Senior men curlers sought for Vernon fun league

John Baia, 93, (centre) watches his stone during action at the Senior Men’s Drop-In Curling League at the Vernon Curling Club. Baia, from Lake Country, has been playing in the league for 18 years. (Roger Knox - Morning Star)John Baia, 93, (centre) watches his stone during action at the Senior Men’s Drop-In Curling League at the Vernon Curling Club. Baia, from Lake Country, has been playing in the league for 18 years. (Roger Knox - Morning Star)
Lake Country’s John Baia, 93, has been a regular at the Senior Men’s Non-Competitive Drop-In Curling League Tuesday and Thursday mornings at the Vernon Curling Club for 18 years. (Roger Knox - Morning Star)Lake Country’s John Baia, 93, has been a regular at the Senior Men’s Non-Competitive Drop-In Curling League Tuesday and Thursday mornings at the Vernon Curling Club for 18 years. (Roger Knox - Morning Star)
Eddy Yamada delivers a rock to the sweepers during Senior Men’s Drop-In Curling League action at the Vernon Curling Club. (Roger Knox - Morning Star)Eddy Yamada delivers a rock to the sweepers during Senior Men’s Drop-In Curling League action at the Vernon Curling Club. (Roger Knox - Morning Star)
Stuart Russell follows his shot during action in the Senior Men’s Drop-In Curling League at the Vernon Curling Club. (Roger Knox - Morning Star)Stuart Russell follows his shot during action in the Senior Men’s Drop-In Curling League at the Vernon Curling Club. (Roger Knox - Morning Star)

John Baia didn’t want to give up curling when he moved to the Okanagan 18 years ago at age 75.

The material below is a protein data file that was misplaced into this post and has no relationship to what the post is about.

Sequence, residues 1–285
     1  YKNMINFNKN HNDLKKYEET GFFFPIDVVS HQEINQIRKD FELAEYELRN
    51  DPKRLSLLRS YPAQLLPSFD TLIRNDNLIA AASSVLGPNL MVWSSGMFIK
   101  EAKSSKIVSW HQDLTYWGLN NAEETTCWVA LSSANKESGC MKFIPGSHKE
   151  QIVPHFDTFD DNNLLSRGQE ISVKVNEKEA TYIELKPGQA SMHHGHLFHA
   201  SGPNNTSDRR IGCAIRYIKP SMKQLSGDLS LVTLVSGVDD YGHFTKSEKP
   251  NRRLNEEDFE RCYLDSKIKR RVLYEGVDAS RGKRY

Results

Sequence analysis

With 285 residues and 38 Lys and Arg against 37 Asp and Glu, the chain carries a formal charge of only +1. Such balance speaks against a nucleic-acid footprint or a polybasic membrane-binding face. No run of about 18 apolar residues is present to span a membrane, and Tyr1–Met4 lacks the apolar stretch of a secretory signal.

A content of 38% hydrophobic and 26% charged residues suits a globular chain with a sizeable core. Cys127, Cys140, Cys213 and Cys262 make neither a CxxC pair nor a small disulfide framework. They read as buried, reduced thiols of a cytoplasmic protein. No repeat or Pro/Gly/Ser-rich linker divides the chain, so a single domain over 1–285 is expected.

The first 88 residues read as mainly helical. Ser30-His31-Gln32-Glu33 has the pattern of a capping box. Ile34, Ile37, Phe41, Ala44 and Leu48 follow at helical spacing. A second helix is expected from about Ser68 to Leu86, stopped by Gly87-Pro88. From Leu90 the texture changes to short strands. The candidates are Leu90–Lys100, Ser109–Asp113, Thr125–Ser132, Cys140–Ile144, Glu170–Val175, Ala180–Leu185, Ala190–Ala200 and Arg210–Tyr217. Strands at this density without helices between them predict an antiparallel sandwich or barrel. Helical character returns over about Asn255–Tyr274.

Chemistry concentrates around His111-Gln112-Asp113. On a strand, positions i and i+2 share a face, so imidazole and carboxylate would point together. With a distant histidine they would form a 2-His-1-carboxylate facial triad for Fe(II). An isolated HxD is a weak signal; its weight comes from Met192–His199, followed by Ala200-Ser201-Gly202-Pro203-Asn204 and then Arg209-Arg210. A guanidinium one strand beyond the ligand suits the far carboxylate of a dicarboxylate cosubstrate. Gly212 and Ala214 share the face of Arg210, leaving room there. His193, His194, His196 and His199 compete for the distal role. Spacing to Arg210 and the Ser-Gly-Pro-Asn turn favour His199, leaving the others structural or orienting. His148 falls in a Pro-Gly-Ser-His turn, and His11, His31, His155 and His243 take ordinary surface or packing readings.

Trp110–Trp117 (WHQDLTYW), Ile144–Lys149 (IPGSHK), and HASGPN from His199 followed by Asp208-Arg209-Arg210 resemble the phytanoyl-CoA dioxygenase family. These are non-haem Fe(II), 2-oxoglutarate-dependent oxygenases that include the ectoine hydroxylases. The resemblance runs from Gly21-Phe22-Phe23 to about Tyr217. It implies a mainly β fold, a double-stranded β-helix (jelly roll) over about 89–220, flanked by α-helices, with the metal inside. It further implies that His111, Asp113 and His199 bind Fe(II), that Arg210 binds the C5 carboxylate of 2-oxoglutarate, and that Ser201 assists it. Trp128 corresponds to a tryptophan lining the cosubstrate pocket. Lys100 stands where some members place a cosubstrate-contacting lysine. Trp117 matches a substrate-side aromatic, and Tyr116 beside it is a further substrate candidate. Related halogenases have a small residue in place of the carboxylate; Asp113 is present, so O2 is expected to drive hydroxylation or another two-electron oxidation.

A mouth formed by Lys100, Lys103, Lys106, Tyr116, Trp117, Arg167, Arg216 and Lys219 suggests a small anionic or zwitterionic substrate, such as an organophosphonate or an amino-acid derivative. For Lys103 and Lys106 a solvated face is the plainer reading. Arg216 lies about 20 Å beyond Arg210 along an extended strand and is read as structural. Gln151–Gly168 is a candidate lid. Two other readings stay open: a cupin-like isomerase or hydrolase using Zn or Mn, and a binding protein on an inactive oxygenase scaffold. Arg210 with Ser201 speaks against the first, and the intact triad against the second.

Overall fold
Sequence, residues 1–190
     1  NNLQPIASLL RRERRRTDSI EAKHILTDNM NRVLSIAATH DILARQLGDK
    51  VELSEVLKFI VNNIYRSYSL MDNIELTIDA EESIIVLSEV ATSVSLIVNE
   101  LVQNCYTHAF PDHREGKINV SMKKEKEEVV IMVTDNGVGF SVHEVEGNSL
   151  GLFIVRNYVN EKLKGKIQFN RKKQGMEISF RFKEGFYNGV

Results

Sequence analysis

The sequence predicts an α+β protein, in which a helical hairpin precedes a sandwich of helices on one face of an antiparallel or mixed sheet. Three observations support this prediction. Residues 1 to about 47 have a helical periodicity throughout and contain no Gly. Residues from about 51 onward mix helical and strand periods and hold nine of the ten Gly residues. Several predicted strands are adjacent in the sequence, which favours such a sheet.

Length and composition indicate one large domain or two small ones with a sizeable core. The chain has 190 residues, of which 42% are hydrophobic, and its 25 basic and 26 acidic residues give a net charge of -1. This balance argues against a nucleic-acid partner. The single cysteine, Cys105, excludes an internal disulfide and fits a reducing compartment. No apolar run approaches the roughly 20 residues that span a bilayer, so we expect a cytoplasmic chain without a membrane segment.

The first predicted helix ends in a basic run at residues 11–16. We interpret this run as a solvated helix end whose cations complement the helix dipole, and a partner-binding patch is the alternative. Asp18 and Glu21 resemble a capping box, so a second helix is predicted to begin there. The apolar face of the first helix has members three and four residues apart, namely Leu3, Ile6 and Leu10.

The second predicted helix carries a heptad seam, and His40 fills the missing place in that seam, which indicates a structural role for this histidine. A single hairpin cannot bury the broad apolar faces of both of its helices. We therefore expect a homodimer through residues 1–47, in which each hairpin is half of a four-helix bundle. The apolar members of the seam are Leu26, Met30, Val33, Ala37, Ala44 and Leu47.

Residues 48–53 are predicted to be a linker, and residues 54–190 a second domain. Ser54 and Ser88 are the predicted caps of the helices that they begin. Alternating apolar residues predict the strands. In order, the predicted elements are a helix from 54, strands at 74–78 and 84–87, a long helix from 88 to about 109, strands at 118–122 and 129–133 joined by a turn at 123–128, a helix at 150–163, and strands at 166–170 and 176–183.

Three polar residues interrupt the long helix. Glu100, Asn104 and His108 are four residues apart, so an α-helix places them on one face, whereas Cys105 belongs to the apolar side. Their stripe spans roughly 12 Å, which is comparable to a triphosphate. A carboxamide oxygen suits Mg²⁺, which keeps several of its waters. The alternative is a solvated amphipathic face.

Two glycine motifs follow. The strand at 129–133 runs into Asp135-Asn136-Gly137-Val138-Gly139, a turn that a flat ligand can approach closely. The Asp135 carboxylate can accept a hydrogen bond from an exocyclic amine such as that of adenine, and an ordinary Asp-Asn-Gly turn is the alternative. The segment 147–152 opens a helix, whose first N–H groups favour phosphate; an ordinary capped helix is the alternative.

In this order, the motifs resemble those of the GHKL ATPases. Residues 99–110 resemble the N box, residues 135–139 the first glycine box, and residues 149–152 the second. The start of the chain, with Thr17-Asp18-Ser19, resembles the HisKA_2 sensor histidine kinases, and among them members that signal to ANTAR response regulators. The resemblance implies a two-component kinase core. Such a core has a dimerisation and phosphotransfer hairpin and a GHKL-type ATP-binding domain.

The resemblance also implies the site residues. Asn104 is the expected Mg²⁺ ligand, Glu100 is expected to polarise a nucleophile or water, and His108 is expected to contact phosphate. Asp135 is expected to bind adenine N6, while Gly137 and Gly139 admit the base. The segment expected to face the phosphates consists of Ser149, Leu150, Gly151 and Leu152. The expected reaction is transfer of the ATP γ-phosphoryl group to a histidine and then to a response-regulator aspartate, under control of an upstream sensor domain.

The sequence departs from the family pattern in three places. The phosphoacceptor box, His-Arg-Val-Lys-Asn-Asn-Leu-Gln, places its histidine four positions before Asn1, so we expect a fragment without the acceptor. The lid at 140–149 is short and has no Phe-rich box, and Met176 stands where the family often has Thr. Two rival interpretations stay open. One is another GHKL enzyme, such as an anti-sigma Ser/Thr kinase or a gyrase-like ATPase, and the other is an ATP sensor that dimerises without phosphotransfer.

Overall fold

The former draftsman for the Ford Motor Company in Detroit – a commuter from his home in Windsor, Ont. – followed his sons to Lake Country.

Baia, now 93, started curling in his 50s in Windsor.

“I found out there were curling clubs in Vernon, Winfield and Kelowna. I was behind the glass watching in Vernon and a guy named Mike saw me and asked me if I was here to curl,” said Baia.

“I said I’m just checking the place out as I just moved here. I talked to a woman named Jan and she suggested I curl here for the rest of the year. Been here ever since.”

Baia is one of the regulars of the non-competitive Senior Men’s Drop-In Curling League. He’s a stick curler now and hits the ice twice a week with his friends Tuesday and Thursday mornings at 9:30.

On this particular Tuesday morning, there are enough guys to fill six of the eight sheets of ice at the Vernon Curling Club.

“This is a fun, non-competitive atmosphere,” said one of the drop-in organizers, retired army Lt.-Col. Larry Gilchrist, a spring chicken at 88 compared to Baia.

“It’s just for the love of the game, and the camaraderie is great.”

The beauty of the league is you play different positions for different teams each time out. And it doesn’t matter if you’re an old-school curler still throwing rocks out of the hack, or playing with the ever-increasing-in-popularity stick curling brooms, where you stand and walk up the ice as you deliver the stone.

Participants register for the drop-in, then come in each morning and take a number in front of the club’s drawmaster. That will indicate what sheet you’ll be playing on. Curlers indicate which of the four positions they prefer to play that draw, and teams are put together.

You don’t know who you’ll be playing with and against until the drawmaster calls all participants up after the league news is announced, and begins to draw the teams.

Games are eight ends and usually take a couple of hours to play. And you play the full eight ends.

There’s no shaking hands early in this friendly, non-competitive play.

It’s why Ron Heuman, 75, has been playing in the league since he moved to Vernon in 1996.

“It’s so good because it’s non-competitive, it’s good fun and you’re not belonging to a team,” said Heuman, adorned in a Coffin Dodgers jacket, a tribute to late senior curling legend George Lee, who started a group after competitive league play Fridays that would go out and have a couple of “wets.”

Vernon Curling Club manager Dave (Merk) Merklinger called the group Coffin Dodgers. They even have a table at the curling club with the Coffin Dodgers crest.

“If you want to take a day off, or sleep in, you’re not holding anybody back,” added Heuman. “If you’re here, you’re playing. If you’re not, you don’t.”’

For more information on the Senior Men’s Drop-In Curling League, call 250-542-6713.

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